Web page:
Pete, Battle Cancer Photographer
I remember coming home from art college in 1991 at the tender age of 16 to find my mum and dad sat together in the front room. I’d probably had some thrash metal hammering on my Walkman as I walked home and was in a little world of my own. As I walked in they called me in and broke the news.
My mother was a strong, independent, witty, loving woman who was a pillar of the family. She had been diagnosed with Chronic Myeloid Leukaemia and given around 2 years to live. I didn’t understand what it meant or what to do but I was shaken to the core to see my mother crying and struggling to hold it together in front of me. This beautiful woman who was a tower of strength had never, to me, been weak. I never fully appreciated how she protected me as a child and ensured she was a stable part of my life.
Through a mix of her personal strength of character and drug trials my mother survived a further 11 years. We were lucky to have her for so much longer than was the norm for this condition, but the journey was a tough one for my father and us three sons.
The day she finally passed it had been a strange and difficult night. There was a sense of relief mixed with a wave of grief. Relief for her that she wasn’t having to suffer or fight any more but a cavernous grief that she had left such a vast hole in all of our lives.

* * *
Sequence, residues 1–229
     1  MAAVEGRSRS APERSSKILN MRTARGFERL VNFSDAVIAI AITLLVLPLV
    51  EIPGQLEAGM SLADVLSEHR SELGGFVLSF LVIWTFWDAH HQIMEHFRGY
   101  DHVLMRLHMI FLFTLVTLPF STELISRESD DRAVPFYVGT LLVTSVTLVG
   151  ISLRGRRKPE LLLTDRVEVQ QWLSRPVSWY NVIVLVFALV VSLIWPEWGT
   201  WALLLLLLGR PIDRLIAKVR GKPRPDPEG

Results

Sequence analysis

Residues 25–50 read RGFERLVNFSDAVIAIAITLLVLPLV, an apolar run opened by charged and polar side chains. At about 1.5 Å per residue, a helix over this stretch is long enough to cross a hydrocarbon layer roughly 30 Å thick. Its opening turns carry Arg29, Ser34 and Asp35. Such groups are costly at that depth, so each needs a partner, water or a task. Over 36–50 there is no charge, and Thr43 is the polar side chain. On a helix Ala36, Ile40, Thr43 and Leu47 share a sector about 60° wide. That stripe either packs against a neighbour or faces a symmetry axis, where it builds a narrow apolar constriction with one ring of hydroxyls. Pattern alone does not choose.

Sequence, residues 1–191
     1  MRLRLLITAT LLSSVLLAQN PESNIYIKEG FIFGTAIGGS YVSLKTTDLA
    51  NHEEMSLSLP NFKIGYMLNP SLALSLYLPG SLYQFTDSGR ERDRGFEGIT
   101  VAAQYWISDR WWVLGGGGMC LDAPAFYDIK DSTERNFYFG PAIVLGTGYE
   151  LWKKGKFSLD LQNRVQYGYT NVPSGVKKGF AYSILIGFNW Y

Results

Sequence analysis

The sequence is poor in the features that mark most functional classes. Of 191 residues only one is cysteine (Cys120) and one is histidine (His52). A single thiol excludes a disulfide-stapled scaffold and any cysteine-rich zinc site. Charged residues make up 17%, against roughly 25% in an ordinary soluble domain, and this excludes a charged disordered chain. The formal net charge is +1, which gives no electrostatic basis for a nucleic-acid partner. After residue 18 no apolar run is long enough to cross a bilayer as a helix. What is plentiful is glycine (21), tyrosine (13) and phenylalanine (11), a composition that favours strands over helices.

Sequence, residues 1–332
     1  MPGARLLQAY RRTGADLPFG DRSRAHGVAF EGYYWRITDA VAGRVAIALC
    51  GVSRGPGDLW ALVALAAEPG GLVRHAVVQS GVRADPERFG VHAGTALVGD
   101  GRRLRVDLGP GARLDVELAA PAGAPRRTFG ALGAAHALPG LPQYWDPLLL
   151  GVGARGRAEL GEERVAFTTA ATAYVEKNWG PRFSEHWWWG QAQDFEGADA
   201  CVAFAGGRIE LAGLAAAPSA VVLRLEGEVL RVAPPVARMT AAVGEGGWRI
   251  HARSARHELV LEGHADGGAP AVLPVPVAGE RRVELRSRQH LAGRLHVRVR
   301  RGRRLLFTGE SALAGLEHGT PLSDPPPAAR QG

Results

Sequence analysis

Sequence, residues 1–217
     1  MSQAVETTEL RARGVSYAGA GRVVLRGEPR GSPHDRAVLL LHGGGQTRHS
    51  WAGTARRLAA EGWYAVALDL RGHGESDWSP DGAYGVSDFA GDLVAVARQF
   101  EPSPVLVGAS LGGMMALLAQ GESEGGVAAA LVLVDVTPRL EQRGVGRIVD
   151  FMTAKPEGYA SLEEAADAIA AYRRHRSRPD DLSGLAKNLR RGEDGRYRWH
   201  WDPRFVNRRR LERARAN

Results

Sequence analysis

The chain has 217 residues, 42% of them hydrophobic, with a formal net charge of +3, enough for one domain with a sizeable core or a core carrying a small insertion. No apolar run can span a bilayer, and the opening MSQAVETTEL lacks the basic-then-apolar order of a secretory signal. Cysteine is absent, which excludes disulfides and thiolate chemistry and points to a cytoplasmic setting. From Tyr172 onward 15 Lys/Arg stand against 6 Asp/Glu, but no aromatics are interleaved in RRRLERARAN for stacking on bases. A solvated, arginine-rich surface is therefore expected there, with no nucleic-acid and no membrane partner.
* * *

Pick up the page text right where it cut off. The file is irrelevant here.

It has now been many years but not a day goes by that I don’t miss her. The intensity of loss is diminished but she is thought about everyday. Silly little things can trigger a memory or, occasionally, a tear or two. I’ve now got a family and work hard as a creative and often just want to share it all with her. In all I do I just want to make her proud. Proud of the man she helped form and mould all those years ago.
I love what Battle Cancer is creating as a charity movement within the world of fitness. A movement dedicated to helping those who are dealing with some aspect of cancer. There are a number of reasons why I wanted to be involved as one of the photographers in Battle Cancer. My mother, Joyce Estelle Austin, is at the top of that list.
We all have our reasons for being involved. She’s mine.